Academic Guide For Students: How to Put a Quote in an Essay

Have you ever wondered how to put a quote in your essay? If your answer is “yes”, then I got your back! This is the main focus of today’s session.

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Here’s the outline:

Introducing a quote in your essay is also an essential skill in academic writing. Would you believe that?

What is a Quote?

A quote or a quotation means you repeat the author’s words without introducing any changes to it. It is usually indicated by a double or a single quotation marks depending on the circumstance. For example, a quote within a quote uses a single quotation mark. When quoting, the author is cited to attribute the text to its original source.

You can use a quote to emphasize or support your arguments. Moreover, quotes are added to provide additional insights to the topic of the paper. It is up to you how you are going to incorporate a quote into your essay. My advice to you is to use them intelligently.

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What is an In-Text Citation?

Before you begin incorporating a quote in your essay, I ought to teach you writing an in-text citation first.

In research papers or any academic papers you write in school, it is important to place an in-text citation on a text you referenced from another author. An in-text citation indicates that a particular information is taken from another source. It tells your reader,

Hey, I got this text from this author!

Having an in-text citation in your paper prevents you from being accused (or being charged) of plagiarism by your instructor. The next section will tackle how you can properly quote a quote.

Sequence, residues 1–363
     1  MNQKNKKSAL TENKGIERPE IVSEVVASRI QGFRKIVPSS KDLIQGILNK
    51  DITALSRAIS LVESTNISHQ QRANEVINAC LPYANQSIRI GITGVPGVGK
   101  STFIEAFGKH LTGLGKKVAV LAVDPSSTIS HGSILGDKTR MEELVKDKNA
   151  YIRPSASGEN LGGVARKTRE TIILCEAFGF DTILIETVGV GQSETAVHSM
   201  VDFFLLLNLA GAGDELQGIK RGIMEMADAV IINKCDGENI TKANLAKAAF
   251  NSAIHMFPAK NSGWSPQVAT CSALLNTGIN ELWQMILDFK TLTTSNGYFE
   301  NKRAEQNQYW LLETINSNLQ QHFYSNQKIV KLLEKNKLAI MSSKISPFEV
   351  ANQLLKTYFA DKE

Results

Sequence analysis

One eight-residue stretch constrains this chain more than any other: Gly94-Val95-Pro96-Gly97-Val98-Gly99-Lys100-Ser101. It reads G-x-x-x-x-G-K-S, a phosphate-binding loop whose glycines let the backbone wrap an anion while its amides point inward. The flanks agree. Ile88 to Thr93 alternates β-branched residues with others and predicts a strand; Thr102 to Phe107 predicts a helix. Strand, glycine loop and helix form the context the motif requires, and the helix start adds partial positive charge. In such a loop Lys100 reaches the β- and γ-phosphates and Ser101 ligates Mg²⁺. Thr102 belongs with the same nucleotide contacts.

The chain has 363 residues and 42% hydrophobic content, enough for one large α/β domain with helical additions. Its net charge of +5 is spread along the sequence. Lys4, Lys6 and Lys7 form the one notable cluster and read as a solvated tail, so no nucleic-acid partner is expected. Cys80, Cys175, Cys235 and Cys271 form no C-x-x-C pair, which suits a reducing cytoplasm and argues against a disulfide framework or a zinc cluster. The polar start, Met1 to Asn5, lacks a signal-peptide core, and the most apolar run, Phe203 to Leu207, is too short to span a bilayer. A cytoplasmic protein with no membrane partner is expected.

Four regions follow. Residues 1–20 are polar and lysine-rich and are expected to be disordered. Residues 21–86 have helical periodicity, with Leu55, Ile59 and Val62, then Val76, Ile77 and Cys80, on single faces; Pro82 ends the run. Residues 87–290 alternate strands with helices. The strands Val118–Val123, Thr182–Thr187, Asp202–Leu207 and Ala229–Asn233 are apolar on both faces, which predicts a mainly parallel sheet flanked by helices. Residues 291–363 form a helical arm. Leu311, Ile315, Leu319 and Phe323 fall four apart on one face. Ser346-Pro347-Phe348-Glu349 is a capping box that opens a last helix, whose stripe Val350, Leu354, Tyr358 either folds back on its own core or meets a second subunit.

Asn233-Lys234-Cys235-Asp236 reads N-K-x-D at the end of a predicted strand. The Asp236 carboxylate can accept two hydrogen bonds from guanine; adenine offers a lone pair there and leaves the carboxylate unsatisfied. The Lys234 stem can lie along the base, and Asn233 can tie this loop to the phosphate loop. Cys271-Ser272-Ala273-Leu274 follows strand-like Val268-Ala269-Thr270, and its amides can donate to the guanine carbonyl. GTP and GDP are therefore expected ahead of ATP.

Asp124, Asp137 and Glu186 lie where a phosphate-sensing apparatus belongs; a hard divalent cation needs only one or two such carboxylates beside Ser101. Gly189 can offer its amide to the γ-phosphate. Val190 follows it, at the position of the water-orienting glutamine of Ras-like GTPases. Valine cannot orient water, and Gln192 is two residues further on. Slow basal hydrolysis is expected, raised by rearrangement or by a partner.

How to Do an In-Text Citation (APA)?

You asked, how can I quote a quote? I’ll give you a simple answer — by having an in-text citation. In APA, you have to write the following in an in-text citation:

  1. Author’s last name
  2. Date
  3. Page number

John Stuart Mill (1859) asserts, “[f]or a long time past, the chief mischief of the legal penalties is that they strengthen the social stigma” (p. 31). In my opinion, I find his statement thought-provoking.

He muses, “[f]or a long time past, the chief mischief of the legal penalties is that they strengthen the social stigma” (Mill, 1859, p. 31). In my opinion, I find his statement thought-provoking.

How to Do an In-Text Citation (MLA)?

For MLA, you would need the following for your in-text citation:

  1. Author’s last name
  2. Page number

Now let us transform the previous examples from APA to MLA. Be sure to take note of their differences. For the page number, you do need to write “p.”. And notably, the name and page number are not separated by a comma.

John Stuart Mill asserts that “[f]or a long time past, the chief mischief of the legal penalties is that they strengthen the social stigma” (31). In my opinion, I find his statement thought-provoking.

He muses, “[f]or a long time past, the chief mischief of the legal penalties is that they strengthen the social stigma” (Mill 31). In my opinion, I find his statement thought-provoking.

For all your citation needs, I would like to recommend you to read (or find a copy in your campus library) of the eighth edition of the MLA Handbook published in 2016. As for APA, you may refer to the sixth edition of the Publication Manual of the American Psychologist Association.

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How to Cite a Long Quote?

If you are observing my examples carefully, you can see that I only cited short quotations. Things will be different when you are going to cite a long quotation/block quotation. Keep calm, for I’ve got you covered in quoting a paragraph.

Are you citing in MLA or APA style?

  • In APA, long quotes should be more than 40 words.